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We're back and more shielded than ever

Happy 2022 y'all! We've had a busy start to the year, with a LOT of time spent researching (see: destroying) some samples to get us in a good place on new projects... and oh boy, does Kyle have a story for you!

If you haven't seen our recent LTT videos featuring our new cable tester, they are definitely recommended (though not required) viewing to boost your understanding of some of the concepts outlined in this update.

Kyle Tharratt
Engineering Manager whose shields are well-terminated

It’s no secret that lttstore is planning to sell cables at some point. Our goal is to provide good quality cables that you can trust to “just work” and have easily understandable capabilities, freeing you from having to navigate ridiculous naming conventions and ever-changing specs – I’m looking at you, USB 3.2 gen 2x2 and HDMI 2.1.

And there’s no better place to start than the do-it-all cable, the USB type-C 20Gbps with 100W Power Delivery (PD).  We ordered a bunch from the most recommended factories (or at least the most recommended factories who would deal with us without any sort of existing large order quantity), ran them though our cable tester, and… EVERY SINGLE CABLE FAILED SIGNAL INTEGRITY??

Some failed so badly that they couldn’t even do 5Gbps! What a fantastic start…

At this point, there was only one thing to do… I pulled out a knife and a Dremel, and I went to town cracking open the housing on each cable.  Here’s a look under the hood on one of the failed units:

It’s a PCB with a SMT USB type C connecter on one end, an IC (called an emarker, mainly for PD negotiation), some MLCC caps, and the cable's conductors are soldered to the other end of the PCB.  If you’ve got some experience with high-speed signals, you may already see exactly what’s happening here…

For the uninitiated let’s take a quick look at the USB Type C cable spec - which is 373 pages long. Don’t worry, we only need one… page 75:

Note that SDP stands for Shielded Differential Pair and there are 4 pairs in total that form the high-speed lanes. All of them failed signal integrity testing. All failing cables used a shielded twisted pair that had no drain wire, and NONE of the 5 cables’ shields were terminated to ground… NONE. Shields aren’t wireless people… this is like putting on an un-grounded ESD band and expecting the static to be magically absorbed.

So let’s find a perfectly working cable that passes all signal testing and destroy it - for science, obviously - to see what it looks like inside:

Breaking away the outer housing, we get a stamped sheet metal shield around the PCB - nice, none of the other cables had that! Removing this we get some over-molded plastic (gotta have that plastic protection baby) and then finally we get the PCB WITH FREAKIN TERMINATED SHIELDs (red arrows)!!! To further drive the point home, I cut open the cable and found one of the twisted pair high-speed lanes.  Guess what… it had a drain wire with the twisted pair and all the drain wires are terminated correctly as well.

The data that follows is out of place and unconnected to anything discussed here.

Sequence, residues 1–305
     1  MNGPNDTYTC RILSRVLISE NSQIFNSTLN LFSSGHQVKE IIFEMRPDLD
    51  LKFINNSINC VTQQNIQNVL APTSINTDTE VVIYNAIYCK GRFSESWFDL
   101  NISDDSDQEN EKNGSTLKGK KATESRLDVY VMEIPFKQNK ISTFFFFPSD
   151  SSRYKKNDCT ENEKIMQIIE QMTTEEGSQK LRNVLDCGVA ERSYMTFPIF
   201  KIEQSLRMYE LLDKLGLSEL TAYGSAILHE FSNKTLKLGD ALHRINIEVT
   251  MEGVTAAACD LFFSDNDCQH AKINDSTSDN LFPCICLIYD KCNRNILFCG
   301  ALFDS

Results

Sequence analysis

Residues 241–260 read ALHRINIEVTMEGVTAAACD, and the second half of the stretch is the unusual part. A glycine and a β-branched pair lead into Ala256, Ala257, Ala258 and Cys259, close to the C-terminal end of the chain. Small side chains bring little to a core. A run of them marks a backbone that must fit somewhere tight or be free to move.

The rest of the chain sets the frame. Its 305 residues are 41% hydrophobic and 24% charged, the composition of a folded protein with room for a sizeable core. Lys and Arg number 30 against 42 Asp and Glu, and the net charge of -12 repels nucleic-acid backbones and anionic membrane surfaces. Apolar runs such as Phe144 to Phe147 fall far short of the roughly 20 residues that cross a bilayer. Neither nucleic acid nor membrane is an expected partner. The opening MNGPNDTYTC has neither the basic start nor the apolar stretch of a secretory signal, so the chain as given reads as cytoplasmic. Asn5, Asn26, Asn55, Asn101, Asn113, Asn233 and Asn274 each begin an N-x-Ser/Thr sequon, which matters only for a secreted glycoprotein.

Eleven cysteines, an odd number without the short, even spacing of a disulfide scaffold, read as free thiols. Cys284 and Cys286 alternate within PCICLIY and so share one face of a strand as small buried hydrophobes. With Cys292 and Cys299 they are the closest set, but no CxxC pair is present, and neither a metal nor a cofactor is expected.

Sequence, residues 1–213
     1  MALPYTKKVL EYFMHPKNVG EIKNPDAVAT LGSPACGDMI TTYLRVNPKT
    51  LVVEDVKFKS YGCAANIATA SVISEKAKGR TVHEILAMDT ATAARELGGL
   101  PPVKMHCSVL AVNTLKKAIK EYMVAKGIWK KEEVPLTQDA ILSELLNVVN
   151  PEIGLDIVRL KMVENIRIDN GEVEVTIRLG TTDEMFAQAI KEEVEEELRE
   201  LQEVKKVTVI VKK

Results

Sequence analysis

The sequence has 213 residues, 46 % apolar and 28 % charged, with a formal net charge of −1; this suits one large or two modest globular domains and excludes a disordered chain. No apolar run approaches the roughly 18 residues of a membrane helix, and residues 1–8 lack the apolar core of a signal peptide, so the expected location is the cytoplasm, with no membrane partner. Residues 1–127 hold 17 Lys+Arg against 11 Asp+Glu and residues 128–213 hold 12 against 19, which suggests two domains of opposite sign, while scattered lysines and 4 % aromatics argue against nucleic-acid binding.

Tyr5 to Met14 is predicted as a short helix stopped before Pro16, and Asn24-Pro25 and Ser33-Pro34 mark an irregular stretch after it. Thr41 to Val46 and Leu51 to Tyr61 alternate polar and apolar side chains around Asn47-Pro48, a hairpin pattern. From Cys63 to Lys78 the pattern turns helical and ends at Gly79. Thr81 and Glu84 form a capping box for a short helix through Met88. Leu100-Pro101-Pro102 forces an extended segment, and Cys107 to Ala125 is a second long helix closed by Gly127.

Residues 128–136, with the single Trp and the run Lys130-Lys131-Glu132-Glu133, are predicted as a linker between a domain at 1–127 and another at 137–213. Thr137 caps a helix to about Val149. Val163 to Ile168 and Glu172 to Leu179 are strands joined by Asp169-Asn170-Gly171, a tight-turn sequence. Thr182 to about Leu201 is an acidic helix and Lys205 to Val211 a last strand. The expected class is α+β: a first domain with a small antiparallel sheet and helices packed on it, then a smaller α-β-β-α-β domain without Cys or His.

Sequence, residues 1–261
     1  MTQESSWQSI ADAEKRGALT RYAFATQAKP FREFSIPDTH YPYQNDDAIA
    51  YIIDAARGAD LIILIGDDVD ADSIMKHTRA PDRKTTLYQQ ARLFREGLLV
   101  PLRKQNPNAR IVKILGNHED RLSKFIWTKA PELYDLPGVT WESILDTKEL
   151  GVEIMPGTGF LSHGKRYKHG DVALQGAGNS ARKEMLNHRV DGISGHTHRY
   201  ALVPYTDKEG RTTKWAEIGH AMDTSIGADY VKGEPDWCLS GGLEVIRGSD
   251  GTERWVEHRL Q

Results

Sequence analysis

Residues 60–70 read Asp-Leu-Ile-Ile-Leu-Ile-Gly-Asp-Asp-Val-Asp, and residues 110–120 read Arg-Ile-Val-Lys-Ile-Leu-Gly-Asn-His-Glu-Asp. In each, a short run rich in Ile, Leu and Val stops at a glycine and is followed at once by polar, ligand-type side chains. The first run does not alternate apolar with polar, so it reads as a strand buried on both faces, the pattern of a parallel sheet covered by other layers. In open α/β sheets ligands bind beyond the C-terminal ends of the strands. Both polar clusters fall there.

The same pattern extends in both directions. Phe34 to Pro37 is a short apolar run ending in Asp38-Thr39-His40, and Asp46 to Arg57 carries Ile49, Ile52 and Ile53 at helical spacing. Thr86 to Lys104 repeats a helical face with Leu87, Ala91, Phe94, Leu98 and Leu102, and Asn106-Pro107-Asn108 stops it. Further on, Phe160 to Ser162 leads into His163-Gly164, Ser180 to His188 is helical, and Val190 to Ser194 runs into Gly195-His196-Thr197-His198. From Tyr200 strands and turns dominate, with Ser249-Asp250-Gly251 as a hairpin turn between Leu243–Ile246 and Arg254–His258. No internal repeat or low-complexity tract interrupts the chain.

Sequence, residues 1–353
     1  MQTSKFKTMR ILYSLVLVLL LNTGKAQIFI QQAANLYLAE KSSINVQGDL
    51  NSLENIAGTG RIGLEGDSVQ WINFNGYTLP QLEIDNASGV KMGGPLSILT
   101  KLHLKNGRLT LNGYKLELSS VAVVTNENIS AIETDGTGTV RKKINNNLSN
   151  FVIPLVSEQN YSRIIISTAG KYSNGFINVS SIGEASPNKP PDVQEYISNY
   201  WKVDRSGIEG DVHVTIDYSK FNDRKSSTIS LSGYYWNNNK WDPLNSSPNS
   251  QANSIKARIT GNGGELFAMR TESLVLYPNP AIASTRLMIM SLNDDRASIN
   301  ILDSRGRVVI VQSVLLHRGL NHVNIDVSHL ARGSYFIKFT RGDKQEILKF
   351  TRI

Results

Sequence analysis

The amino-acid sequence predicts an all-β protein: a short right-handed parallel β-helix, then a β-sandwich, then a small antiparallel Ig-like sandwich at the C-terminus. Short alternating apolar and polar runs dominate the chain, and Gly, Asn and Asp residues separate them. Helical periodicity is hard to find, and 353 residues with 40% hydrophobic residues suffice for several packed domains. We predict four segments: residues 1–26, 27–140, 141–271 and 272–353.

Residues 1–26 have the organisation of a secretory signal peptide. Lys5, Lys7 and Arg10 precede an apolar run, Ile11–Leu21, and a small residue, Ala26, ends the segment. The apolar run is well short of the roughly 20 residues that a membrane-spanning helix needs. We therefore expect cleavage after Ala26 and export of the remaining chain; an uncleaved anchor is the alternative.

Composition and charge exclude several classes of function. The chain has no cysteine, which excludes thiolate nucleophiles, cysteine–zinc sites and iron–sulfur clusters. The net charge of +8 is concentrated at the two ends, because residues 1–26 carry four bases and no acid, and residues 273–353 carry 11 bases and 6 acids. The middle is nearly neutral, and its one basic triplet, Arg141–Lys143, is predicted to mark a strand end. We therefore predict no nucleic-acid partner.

Its almost like following the spec actually makes a cable work… who would’ve thought. 

Now armed with this knowledge, would I be able to make the bad cables work by soldering the shields correctly with a soldering iron, some wire, and a can-do attitude? Short answer…


I soldered the outer cable shield to the connector housing, and lo and behold I got some previously failed parts of the test to pass - namely resistance tests.  Signal integrity on the high-speed lines still sucked, probably because each of those lines have their own shield and, of course, it was also left un-terminated.

Trying to solder the high-speed lines didn’t really work as the flimsy shield just shriveled and melted. (I also accidently severed 2 of the lanes with my knife and didn’t feel like spending more time redoing this on a different cable :P )

I am guessing here, but it probably takes at least 3-5 extra manufacturing steps as well as extra material cost for twisted pairs with drain wire to make the cable that worked. And I suppose some manufacturers just choose not to do it to save a buck.

Rest assured, we will find working cables for the store. But in the meantime we might have another project for the LTT team to take on with our cable tester.

Let us know on Twitter @Linustech - or on the LTT forum - if you wanna see some further investigation on this topic!

As always, we're hard at work on projects like this. If you want to show your support to these efforts, we just added a classic Canadian-designed Plaid Flannel to the store, and we've got some restocks in popular styles like the WAN Hoodie! Keep an eye out for more updates coming soon.

COO / Creator Warehouse